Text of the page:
News of the royal baby has spread across the Atlantic Ocean and taken the American public by storm. Social media sites like Twitter have been ablaze with updates and thoughts on the royal baby. Especially in light of all of the crucial social and economic issues that are unsolved at this point in time, this event, and the fervent response it has received, truly paints a dismal picture of the priorities of the American public.
It isn’t just the royal baby story that has garnered enormous amounts of media and social media attention – the royal wedding between Prince William and Kate Middleton captivated the American public. Royal events are just one example of American interest in celebrity news. Between actors/actresses, musicians, and professional athletes, most Americans spend a large amount of their leisure time following “news”, which amounts to inane commentary on the personal lives of cultural icons. This begs the question: what are we gaining from this obsession with celebrity? The role models that seem to emerge from the likes of reality TV are reprehensible and encourage loud ignorance and a lack of concern about others as desirable qualities. We could be spending time exercising or pursuing creative interests that could positively affect our world, but instead we are watching either a circus of nobodies who became “somebodies” just because they appeared on TV, or invasive and worthless accounts of celebrity drama.
Sports organizations have attempted to cancel out this sentiment of sports being unproductive in a societal sense by creating organizations focused on public outreach. For example, the National Football League created a youth football organization, sponsors a campaign focused on childhood exercise, and has a month where teams wear pink to support breast cancer awareness. These efforts are admirable, but many celebrities do not contribute anything positive to the world and even promote ignorance and apathy instead of critical thinking and individual thought.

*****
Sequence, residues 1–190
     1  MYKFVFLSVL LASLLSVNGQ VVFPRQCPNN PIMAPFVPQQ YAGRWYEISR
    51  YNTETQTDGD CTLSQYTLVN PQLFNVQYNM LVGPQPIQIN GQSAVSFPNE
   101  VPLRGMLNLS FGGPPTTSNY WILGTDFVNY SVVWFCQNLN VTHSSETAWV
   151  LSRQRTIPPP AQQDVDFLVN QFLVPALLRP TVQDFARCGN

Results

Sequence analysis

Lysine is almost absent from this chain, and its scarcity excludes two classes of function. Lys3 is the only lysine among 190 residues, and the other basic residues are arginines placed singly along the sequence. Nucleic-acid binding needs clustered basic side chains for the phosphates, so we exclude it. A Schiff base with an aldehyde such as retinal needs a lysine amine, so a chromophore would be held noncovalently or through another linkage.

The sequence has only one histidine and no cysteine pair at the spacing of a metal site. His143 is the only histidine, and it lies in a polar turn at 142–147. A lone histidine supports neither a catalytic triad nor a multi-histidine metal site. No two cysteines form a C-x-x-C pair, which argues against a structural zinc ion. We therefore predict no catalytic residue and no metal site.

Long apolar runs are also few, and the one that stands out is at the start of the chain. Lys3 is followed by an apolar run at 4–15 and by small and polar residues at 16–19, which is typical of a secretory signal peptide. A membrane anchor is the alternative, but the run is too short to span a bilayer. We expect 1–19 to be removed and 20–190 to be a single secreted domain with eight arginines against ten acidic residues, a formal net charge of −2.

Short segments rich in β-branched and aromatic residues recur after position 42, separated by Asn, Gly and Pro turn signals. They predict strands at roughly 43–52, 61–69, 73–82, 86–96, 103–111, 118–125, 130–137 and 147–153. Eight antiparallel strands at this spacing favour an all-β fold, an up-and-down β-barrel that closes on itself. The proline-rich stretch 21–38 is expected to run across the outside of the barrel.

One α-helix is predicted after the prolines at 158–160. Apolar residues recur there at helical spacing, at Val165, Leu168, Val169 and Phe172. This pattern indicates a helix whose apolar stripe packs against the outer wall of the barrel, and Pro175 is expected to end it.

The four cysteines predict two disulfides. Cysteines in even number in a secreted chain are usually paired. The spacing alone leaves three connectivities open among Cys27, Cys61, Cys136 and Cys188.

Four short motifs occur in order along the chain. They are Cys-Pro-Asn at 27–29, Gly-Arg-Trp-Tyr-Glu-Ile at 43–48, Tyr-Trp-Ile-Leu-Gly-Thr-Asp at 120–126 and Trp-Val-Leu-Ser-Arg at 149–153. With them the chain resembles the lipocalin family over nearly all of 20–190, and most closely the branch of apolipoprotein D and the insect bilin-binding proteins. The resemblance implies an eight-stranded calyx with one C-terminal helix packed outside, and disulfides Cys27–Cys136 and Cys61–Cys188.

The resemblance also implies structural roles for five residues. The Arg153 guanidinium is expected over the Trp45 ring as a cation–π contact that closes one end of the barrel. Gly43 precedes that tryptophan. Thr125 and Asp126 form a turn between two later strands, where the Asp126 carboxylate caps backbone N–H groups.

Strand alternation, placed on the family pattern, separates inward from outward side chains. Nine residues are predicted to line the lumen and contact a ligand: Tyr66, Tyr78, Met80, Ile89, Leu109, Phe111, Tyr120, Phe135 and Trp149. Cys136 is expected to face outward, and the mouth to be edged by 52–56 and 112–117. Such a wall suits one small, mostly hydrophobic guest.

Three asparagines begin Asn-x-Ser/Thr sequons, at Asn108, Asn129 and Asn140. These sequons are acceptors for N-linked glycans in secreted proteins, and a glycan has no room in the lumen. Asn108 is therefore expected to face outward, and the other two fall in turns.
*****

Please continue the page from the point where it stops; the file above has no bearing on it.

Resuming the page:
What role does the media play in this celebrity obsession (besides just posting the story)? Does the media report stories that they think are important or do they report stories that the public wants them to report? Basically, who decides what is “news” – the people or the media? Most likely, the answer to that is a bit of both. We influence the media, but they also report stories that they think are important. In this process, some “important” stories may be lost though[http://hcrenewal.blogspot.ca/2013/07/43-believe-that-us-health-care-corrupt.html]. The media attention that the royal baby is getting is obviously taking attention away from other stories. With so many issues crucial to the American people unfolding daily—the extreme and unconstitutional behavior of the NSA, Edward Snowden’s continued plight, increasing poverty, soaring costs of healthcare(to name a few)—should there be so much attention focused on this child? It seems as if mainstream media has become more of a distraction, bent on lulling the American public into a sense of blissful ignorance to the real issues that affect them every day. The royal baby is just another inflated, sensationalized bit of nothing that is taking attention away from the real issues in our media. For example, instead of caring about this child who will live a highly privileged life, we should be worrying about the thousands of other children born on the same day that won’t even be able to afford adequate food, shelter, and clothing. Although a story on this wouldn’t be as glamorous, it is certainly more important than the birth of a prince (in a country where the royal family has no real ruling power anyways).
Now is the time for us to analyze how we spend our leisure time. Is following the lives of celebrities productive for anybody? We should be focused on real issues in the world because the first step to solving a problem is to being aware of it. It’s high time we stopped swallowing the fluff that the mainstream media churns out and brands as important to our lives, and started examining issues that affect us by getting all the facts and demanding answers.